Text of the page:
In the male brown-Norway (BN) male rat, reproductive aging is associated with decreased LH-pulse amplitude and area.J Androl. 1997 Jul-Aug; 18(4):359-65.JA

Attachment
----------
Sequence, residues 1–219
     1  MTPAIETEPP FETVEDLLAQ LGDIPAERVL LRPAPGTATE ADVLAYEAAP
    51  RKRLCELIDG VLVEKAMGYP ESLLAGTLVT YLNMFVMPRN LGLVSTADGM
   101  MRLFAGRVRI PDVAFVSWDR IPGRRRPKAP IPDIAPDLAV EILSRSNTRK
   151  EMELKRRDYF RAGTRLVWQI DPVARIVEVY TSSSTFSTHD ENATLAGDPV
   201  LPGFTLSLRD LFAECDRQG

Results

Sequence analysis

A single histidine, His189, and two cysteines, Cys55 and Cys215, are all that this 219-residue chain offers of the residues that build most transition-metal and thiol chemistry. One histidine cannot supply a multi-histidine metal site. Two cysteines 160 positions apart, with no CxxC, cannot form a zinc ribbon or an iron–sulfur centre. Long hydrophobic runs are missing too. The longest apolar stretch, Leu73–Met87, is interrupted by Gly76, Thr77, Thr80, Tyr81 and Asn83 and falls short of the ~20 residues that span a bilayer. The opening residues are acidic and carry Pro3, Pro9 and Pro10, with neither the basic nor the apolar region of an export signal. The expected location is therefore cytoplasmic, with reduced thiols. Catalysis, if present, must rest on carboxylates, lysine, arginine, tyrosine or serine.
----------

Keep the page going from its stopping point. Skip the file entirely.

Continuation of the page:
The Brown-Norway (BN) rat has been proposed as a rodent model for the study of human male reproductive aging. As in man, reduction in serum or plasma testosterone (T) and both testicular (primary) and hypothalamic-pituitary (secondary) reproductive dysfunction have been associated with aging in male BN rats. However, the presence of secondary testicular failure in this rodent, as indicated by low serum luteinizing hormone (LH) levels, needs further corroboration. The present study was designed to determine whether age-related differences in the pulsatile patterns of pituitary LH and follicle-stimulating hormone (FSH) secretion occur in gonad-intact male BN rats. Three age groups were examined: young (3-4 months), middle aged (12-13 months), and old (21-22 months). Using intra-atrial cannulae, serial 5-minute blood samples were withdrawn from conscious, unrestrained animals. Plasma LH concentrations were determined by a supersensitive immunofluorometric assay (FIA) and FSH and T by radioimmunoassay (RIA). Mean T levels were different among groups (young > middle age > old). In young rats, T levels were higher in the late morning/early afternoon than in the late afternoon: this variation was not found in older rats. Mean FSH concentrations were higher in the old than in the middle-aged and young rats. Significant differences in mean LH levels were not found among groups. Compared to young rats, shortened pulse interval and reduced area of pulses characterized the secretory pattern of both gonadotropins in old rats. In addition, LH-pulse amplitude and total area of LH pulses were also significantly lower in old than in young rats. Besides the well-recognized primary testicular failure that occurs in the old BN rat, this study confirms a hypothalamic-pituitary deficiency that makes this rodent model ideal for studying human male reproductive aging.